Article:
We also need to bring back the village. One cohort study found that a positive correlation between social support and the development of postpartum depression (10). Connect with other mamas, family members, and/or friends that allow YOU to be YOU. Let that tribe relish you with kindness and provide you with support for your journey into motherhood, so you can live a beautiful and happy life while raising your children.


As a collective, it is not good enough to suggest self-care for mamas to promote postpartum well-being; they deserve nourishment too. All mothers deserve someone who can check in on them, bring them a meal, and ensure that they have what they need to feel whole – just like they do for their little ones. Let’s raise resilient and happy mamas together by empowering them with knowledge, encouragement, love, compassion, and support, so that they can raise the next generation of mothers and fill them with love and compassion. The world can truly flourish with so much nourishment and kindness.


What You Can Do Right Now to Help Yourself:


  • Restore your vital nutrients through the consumption of wholesome foods (seek nutritional counselling if needed).
  • Optimize your digestion (gut health).
  • Prioritize sleep (laundry can wait….and so can the sticky floors).
  • Reduce and manage stress (take time for you, ask for help, and ask for it again – find a village).
  • Make self-love a priority (this is not just self-care habits; self-love is also giving yourself permission to be human and make mistakes – celebrate your wins as a mama and be kind to yourself through positive self-talk).


What Friends and Family Members Can Do Right Now to Help Support a New Mama:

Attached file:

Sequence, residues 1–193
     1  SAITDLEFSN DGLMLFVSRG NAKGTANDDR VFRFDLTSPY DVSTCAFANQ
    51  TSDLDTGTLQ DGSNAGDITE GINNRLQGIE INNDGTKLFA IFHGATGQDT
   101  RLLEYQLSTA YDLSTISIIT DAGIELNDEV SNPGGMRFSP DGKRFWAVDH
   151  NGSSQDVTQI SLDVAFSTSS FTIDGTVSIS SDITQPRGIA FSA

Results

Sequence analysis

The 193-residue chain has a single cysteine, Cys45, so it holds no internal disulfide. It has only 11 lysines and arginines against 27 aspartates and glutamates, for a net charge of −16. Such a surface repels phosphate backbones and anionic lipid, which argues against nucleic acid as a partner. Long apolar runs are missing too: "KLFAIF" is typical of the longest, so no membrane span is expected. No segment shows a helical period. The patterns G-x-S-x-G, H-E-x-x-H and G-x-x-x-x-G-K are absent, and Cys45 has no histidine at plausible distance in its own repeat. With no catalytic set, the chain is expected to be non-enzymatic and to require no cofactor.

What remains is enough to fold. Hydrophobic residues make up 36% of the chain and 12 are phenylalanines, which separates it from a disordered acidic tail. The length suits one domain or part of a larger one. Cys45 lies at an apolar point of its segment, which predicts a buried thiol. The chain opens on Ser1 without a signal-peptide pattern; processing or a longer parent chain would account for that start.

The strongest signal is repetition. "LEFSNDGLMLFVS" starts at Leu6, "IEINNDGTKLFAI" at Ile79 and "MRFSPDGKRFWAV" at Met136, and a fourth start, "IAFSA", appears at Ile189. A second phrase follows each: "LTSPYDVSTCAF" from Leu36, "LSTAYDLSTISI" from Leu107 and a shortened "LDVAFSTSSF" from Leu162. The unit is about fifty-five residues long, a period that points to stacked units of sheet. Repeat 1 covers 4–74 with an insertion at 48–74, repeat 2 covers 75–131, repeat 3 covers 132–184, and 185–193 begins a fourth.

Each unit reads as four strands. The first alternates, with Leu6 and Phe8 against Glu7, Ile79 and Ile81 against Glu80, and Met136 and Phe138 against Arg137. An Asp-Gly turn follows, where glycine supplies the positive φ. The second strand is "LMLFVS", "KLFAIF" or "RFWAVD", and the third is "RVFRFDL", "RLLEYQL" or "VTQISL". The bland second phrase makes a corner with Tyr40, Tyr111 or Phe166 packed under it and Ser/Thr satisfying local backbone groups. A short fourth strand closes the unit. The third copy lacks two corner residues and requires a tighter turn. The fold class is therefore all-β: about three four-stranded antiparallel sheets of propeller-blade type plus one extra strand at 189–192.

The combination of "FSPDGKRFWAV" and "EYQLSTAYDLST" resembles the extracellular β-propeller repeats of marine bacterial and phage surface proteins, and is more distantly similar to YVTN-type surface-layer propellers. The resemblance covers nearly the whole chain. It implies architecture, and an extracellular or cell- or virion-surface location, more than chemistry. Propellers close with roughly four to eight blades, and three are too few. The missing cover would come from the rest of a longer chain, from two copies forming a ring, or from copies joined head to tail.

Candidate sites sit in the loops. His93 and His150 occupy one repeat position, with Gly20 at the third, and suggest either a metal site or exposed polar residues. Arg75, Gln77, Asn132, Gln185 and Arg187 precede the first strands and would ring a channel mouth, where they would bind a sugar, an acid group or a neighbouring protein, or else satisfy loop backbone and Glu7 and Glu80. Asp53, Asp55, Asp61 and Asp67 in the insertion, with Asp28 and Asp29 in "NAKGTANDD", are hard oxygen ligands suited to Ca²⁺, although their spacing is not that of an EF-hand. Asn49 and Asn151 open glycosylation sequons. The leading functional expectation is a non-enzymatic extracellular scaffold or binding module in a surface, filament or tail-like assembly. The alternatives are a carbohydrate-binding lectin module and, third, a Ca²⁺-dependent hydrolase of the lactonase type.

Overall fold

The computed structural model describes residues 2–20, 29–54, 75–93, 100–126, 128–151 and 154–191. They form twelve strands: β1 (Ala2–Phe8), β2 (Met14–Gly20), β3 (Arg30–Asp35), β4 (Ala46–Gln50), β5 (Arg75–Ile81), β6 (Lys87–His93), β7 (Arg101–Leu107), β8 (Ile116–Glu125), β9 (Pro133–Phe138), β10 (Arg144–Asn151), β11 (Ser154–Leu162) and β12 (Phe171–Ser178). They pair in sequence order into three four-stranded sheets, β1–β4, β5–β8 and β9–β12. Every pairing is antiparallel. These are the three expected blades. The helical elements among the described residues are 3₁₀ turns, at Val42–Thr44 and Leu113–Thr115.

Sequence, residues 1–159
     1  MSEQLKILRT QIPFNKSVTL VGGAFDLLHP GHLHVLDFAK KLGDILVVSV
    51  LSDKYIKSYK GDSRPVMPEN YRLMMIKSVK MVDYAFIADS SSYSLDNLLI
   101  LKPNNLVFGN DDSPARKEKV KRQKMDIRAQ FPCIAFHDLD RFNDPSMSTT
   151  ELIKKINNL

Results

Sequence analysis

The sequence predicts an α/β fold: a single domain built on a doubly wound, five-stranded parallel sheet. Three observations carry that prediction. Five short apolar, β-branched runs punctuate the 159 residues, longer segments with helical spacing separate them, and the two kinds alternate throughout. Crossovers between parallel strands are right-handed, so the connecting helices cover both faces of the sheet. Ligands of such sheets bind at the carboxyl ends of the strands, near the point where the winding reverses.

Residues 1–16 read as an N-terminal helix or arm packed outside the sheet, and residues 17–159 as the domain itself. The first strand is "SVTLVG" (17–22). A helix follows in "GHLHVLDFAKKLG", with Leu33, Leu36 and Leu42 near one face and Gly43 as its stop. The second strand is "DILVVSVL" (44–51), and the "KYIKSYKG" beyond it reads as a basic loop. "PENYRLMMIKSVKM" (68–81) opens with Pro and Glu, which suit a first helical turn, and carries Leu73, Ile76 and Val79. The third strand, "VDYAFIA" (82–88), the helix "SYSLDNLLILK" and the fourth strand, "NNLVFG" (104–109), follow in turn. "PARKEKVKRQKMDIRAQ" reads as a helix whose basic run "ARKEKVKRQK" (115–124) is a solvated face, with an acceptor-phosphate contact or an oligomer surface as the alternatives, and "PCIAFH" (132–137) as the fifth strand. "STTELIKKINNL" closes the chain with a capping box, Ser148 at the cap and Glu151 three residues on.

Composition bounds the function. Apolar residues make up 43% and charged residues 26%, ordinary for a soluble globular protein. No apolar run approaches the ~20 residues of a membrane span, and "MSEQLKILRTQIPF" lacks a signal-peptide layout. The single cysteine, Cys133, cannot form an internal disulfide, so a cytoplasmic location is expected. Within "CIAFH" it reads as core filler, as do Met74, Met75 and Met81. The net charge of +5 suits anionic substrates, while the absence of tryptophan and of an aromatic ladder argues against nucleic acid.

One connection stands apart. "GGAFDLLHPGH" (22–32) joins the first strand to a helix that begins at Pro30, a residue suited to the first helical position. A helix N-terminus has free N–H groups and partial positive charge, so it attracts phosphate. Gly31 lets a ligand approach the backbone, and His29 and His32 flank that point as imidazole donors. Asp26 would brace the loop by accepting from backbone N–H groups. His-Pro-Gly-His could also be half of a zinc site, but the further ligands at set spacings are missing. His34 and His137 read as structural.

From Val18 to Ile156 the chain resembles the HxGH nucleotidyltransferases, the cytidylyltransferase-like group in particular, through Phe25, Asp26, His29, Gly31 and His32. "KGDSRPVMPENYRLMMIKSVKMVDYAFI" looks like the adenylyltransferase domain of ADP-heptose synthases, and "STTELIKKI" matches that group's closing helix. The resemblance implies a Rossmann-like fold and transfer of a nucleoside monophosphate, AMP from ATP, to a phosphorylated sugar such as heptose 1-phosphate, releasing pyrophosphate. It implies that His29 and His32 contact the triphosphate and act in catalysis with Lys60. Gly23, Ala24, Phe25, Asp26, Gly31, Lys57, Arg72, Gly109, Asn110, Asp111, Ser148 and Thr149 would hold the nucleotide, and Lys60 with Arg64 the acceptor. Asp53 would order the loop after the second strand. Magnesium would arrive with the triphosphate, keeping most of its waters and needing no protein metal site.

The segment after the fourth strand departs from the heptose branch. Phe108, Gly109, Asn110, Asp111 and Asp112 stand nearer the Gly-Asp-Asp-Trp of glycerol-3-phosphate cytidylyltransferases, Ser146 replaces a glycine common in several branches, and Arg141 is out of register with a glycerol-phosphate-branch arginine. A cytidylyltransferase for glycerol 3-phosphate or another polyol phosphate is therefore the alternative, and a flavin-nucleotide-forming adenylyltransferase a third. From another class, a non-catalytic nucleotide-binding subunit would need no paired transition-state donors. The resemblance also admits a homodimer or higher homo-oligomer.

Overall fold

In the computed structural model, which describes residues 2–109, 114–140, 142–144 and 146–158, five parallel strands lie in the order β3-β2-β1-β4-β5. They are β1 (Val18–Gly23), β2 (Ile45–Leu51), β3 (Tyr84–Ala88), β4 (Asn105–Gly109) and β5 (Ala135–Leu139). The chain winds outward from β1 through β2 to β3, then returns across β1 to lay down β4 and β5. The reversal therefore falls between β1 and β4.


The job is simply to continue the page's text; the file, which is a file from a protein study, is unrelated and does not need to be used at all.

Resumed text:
• Bring her a meal and organize a meal train (at the baby shower, you can request that guests bring a baby gift with a freezer meal or a batch of nutrient-dense muffins).
  • Instead of holding the baby for the entire visit, fold the basket of laundry, take the trash out, or put away some dishes.
  • Remember to ask her how she is doing. Ask her how she feels and what she needs to ensure that she has the support required to transition into this motherhood journey right now.
  • Be her village by supporting her self-care and self-love habits. Offer to watch the baby, so that she can shower, eat a hot meal, or enjoy a meditation class.



*Addressing all of this may reduce the risk for postpartum mood and anxiety disorders. 1 in 5 or 1 in 7 (depending on the research) women develop postpartum depression. These rates are alarming and require attention and awareness. This is the number 1 medical complication related to childbearing (Perinatal support international). Maternal mental health complications such as postpartum depression can rob mamas from living a happy and healthy life. Of course, nutritional support is important along with lifestyle recommendation but this childbearing complication requires much more awareness and education for healthcare professionals, expectant and new mamas so we can all holistically provide essential, ethical and accurate care to mamas across the world.*



Written by Karla Rice, RN, BScN, C.H.N.C.

Nourishing You Kindly strives to encourage & empower mamas through holistic education, nutritional counselling and lifestyle recommendations while transitioning into motherhood by restoring nutrition and gut health, rebuilding the mama village and redefining happiness in motherhood. For full support please visit and receive 20% off the 90 day nourishing mama program or 15% off the gut, brain and mom drain (must be purchased from January-April 2020 to qualify).